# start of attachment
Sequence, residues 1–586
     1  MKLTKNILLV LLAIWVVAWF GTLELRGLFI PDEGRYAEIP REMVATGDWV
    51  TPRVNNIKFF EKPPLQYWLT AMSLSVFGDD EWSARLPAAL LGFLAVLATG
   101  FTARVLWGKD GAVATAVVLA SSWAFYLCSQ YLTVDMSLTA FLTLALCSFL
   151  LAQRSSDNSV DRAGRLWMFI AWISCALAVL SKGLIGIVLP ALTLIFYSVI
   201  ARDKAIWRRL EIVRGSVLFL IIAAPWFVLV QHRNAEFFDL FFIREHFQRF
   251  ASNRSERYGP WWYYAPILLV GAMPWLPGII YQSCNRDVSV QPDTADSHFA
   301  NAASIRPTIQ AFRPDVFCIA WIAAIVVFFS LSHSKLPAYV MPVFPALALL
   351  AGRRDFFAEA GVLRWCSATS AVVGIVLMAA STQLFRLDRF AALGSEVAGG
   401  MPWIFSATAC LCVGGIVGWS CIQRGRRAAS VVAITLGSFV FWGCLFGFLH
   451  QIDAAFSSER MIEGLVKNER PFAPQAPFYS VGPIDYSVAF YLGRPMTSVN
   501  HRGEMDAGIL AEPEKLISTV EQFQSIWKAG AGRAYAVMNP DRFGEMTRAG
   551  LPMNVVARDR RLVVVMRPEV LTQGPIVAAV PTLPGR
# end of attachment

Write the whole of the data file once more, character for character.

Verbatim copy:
Sequence, residues 1–586
     1  MKLTKNILLV LLAIWVVAWF GTLELRGLFI PDEGRYAEIP REMVATGDWV
    51  TPRVNNIKFF EKPPLQYWLT AMSLSVFGDD EWSARLPAAL LGFLAVLATG
   101  FTARVLWGKD GAVATAVVLA SSWAFYLCSQ YLTVDMSLTA FLTLALCSFL
   151  LAQRSSDNSV DRAGRLWMFI AWISCALAVL SKGLIGIVLP ALTLIFYSVI
   201  ARDKAIWRRL EIVRGSVLFL IIAAPWFVLV QHRNAEFFDL FFIREHFQRF
   251  ASNRSERYGP WWYYAPILLV GAMPWLPGII YQSCNRDVSV QPDTADSHFA
   301  NAASIRPTIQ AFRPDVFCIA WIAAIVVFFS LSHSKLPAYV MPVFPALALL
   351  AGRRDFFAEA GVLRWCSATS AVVGIVLMAA STQLFRLDRF AALGSEVAGG
   401  MPWIFSATAC LCVGGIVGWS CIQRGRRAAS VVAITLGSFV FWGCLFGFLH
   451  QIDAAFSSER MIEGLVKNER PFAPQAPFYS VGPIDYSVAF YLGRPMTSVN
   501  HRGEMDAGIL AEPEKLISTV EQFQSIWKAG AGRAYAVMNP DRFGEMTRAG
   551  LPMNVVARDR RLVVVMRPEV LTQGPIVAAV PTLPGR